Some beg to differ. An article in the (Seoul) Korea Times on September 17 was headlined: “Chinese Scholars Snub Western View on Post-Kim N. Korea”. This claimed a consensus among the Beijing’s DPRK-watchers that Westerners have got it all wrong. On this view, forecasts of collapse are mere wishful thinking. The Pyongyang elite are well aware that they all sink or swim together, so they will remain united come what may. Ergo North Korea will outlast Kim Jong-il, just as it did his father.

Wishful thinking
Well, maybe. But there is more than one kind of wishful thinking on North Korea, and this sounds dangerously complacent. In Beijing, as indeed in Seoul, many prefer the devil they know and are terrified at the very idea of regime collapse in North Korea; they refuse to think the unthinkable. But this is surely an ostrich mentality. Successions are the Achilles’ heel of all dictatorships; one wonders if these Chinese experts have forgotten the upheavals that followed the death of Mao. A power struggle in Pyongyang looks all but certain, not least given the country’s dire economic straits and the stark policy choices hitherto fudged by Kim Jong-il: whether or not to truly give up nukes, and to embrace real market reforms.

True, North Korea has surprised many by surviving so long after communisms elsewhere either crumbled or morphed into dynamic hybrids a la China or Vietnam. But the fact that earlier predictions of its collapse were premature does not render the DPRK immortal. A dinosaur in a world of mammals, North Korea has been in urgent need of adaptation for at least 20 years. Its resolute refusal to do so, on three key fronts, constitutes the main reason to be pessimistic as to the DPRK’s ability to survive in the longer term.

Three key refusals
On how to transform a communist economy, first, China and Vietnam offer a clear roadmap. Yet North Korea refuses this, preferring to starve its people and become poorer than it was 20 years ago. As for weapons of mass destruction, second, Libya shows how a pariah state can ditch WMD and rejoin the global mainstream. The DPRK, by contrast, endlessly strings out nuclear talks and may now sink them completely; while building a new missile test centre – only revealed last month – and proliferation to Syria if that's what it was, hardly suggest a sincere intent to plump for peace. Thirdly, long-term political stability and sustainability require that Kim Jong-il’s hyper-personalized rule – a fact, as well as a cult – should be institutionalized in a clear and secure way: whether with a designated successor, or a collective leadership. 

Kim’s failure on all three fronts – his nuclear dance is at best a short-run tactical success – suggests he does not know (or care?) what to do; apres lui, le deluge. A soft landing would be far preferable, but the dear leader’s policy paralysis – and now illness – make this ever less likely. Hence it is neither alarmism nor wishful thinking to reckon that North Korea’s endgame is drawing nearer – and that this will be a bumpy ride.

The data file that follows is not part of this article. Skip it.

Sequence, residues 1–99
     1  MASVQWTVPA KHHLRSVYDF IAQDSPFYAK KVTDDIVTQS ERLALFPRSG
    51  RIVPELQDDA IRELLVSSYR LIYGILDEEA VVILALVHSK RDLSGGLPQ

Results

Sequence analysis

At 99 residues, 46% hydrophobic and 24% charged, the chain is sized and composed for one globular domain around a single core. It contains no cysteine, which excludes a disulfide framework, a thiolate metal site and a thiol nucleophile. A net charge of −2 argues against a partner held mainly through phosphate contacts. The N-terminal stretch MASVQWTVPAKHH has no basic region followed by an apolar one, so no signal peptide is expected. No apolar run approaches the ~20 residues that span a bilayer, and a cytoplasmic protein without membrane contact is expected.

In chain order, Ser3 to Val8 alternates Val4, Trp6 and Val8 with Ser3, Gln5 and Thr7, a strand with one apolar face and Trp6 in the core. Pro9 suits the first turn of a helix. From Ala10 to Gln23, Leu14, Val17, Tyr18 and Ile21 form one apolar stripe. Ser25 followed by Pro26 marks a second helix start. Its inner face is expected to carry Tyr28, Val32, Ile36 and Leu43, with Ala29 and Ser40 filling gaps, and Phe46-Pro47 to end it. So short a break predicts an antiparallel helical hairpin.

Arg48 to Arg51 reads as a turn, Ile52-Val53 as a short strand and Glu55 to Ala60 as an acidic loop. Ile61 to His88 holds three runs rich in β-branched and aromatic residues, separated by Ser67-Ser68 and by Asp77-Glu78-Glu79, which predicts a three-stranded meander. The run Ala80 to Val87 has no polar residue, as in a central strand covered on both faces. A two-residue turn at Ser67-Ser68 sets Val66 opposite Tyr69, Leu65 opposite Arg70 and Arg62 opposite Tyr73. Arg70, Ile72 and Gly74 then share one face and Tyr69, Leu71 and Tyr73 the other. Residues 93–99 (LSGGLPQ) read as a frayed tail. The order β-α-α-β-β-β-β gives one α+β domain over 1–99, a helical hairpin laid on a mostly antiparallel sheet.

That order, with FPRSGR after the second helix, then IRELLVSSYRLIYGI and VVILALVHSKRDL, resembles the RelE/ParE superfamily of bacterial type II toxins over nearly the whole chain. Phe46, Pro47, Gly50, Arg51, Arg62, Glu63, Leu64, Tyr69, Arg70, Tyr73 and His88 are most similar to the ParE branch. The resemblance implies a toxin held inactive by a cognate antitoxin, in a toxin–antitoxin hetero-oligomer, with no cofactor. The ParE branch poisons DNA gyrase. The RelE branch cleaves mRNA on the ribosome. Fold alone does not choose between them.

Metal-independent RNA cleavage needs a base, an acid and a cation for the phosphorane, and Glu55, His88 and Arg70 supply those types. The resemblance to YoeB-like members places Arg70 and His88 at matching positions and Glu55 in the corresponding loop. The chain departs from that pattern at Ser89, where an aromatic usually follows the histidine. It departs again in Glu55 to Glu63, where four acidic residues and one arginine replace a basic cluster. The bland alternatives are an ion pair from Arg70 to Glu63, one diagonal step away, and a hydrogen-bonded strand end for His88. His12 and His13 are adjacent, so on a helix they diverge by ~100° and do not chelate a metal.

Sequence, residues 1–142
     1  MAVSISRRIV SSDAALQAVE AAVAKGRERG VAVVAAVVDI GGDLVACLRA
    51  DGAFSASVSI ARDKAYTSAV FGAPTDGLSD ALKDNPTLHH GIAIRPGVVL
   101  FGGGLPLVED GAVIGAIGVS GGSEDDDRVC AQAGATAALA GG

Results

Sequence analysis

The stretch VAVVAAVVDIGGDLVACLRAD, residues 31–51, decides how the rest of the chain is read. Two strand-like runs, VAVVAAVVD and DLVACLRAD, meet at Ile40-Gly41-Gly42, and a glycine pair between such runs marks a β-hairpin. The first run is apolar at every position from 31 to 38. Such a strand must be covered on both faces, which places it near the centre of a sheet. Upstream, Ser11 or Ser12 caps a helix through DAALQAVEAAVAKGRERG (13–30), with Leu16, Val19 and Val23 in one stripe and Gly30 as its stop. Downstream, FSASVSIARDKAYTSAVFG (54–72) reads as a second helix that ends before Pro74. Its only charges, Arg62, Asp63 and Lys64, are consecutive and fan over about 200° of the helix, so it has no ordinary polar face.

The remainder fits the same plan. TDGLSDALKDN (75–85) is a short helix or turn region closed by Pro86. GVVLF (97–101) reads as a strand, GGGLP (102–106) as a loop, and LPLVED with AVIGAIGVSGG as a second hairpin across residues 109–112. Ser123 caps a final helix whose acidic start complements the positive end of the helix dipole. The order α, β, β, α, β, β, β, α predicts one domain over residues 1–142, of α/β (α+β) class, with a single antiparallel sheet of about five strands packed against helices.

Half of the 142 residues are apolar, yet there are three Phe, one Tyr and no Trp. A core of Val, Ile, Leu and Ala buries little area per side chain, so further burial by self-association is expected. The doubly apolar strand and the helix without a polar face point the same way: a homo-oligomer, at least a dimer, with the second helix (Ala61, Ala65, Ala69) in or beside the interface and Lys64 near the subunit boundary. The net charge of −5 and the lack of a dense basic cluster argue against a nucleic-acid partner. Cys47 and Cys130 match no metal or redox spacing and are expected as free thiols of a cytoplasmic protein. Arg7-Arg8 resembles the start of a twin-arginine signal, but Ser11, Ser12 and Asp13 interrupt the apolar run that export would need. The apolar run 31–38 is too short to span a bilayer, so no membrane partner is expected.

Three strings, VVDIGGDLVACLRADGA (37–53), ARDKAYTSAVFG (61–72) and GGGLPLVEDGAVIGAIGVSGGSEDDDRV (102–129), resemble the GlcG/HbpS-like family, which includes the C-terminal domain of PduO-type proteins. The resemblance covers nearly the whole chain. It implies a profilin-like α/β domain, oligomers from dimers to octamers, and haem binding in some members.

This time, of course, it may all be a false alarm. Perhaps Kim Jong-il will show his face at North Korea’s next big day: the founding anniversary of the ruling Workers’ Party of Korea (WPK), on October 10. Even if he does, one hopes that the contingency planning apparently eschewed in Pyongyang is being done elsewhere – in Beijing, Seoul, and Washington – and, crucially, that this trio will coordinate their responses to whatever transpires in North Korea. 
Otherwise the prospect of great power conflict over the peninsula, as in the 1890s and 1945, on top of power struggles in Pyongyang (and with loose nukes too) makes a fearsome brew. 

For South Korea’s newish president Lee Myung-bak, already grappling with economic crisis and a political backlash, the possibility of having Korean reunification happen German-style on his watch could be the last straw. As the old Chinese curse says, interesting times indeed.

Nuclear backtracking
By mid-month Wall Street’s troubles had knocked North Korea off the front pages. It clawed its way back, however, by playing the nuclear card. Following its announcement on August 26 that disablement work had stopped at the Yongbyon site, closed under the 6PT since July 2007, the DPRK threatened in September to reverse this and move towards reopening the facility. On September 24 the International Atomic Energy Agency (IAEA) confirmed that, at Pyongyang’s insistence, it had removed seals and camera surveillance equipment from the reprocessing plant: one of three key parts of Yongbyon. North Korea accused the US of reneging on its own commitment to take the DPRK off the State Department’s list of nations regarded as sponsoring terrorism, while saying it no longer expected delisting or even cared.

As ever, the key imponderable is whether they mean it or are just playing hardball. Either way, raising the stakes this high risks undoing the 6PT. South Korea’s foreign minister, Yu Myung-hwan, warned on September 26 that “we are faced with a difficult situation where this (negotiation) is not moving forward and may go back to square one.”

Despite threats by Pyongyang to resume reprocessing within a week, and reports that it could do so in two months, other experts insist that disablement at Yongbyon is so far gone that to get it operational again would take as long as a year. Moreover, unlike in the earlier 2002-03 crisis, no move has yet been made to expel either IAEA or US experts from Yongbyon. So Kim Jong-il – or whoever is in charge – may be bluffing; but what exactly do they want? 

To find that out, Christopher Hill, the US assistant secretary of state for East Asia and lead nuclear negotiator with North Korea, was unofficially reported on September 28 to be about to visit Pyongyang. So watch this space, next month. For now, though hope springs eternal, one must doubt what incentive the DPRK can have to cut a deal with George W Bush; since in less than four months it will face a new president in the White House, who may shift the goalposts just as Bush did after Clinton in 2001. Not for the first time, then, the dominant note regarding North Korea is uncertainty tinged with anxiety – on several fronts.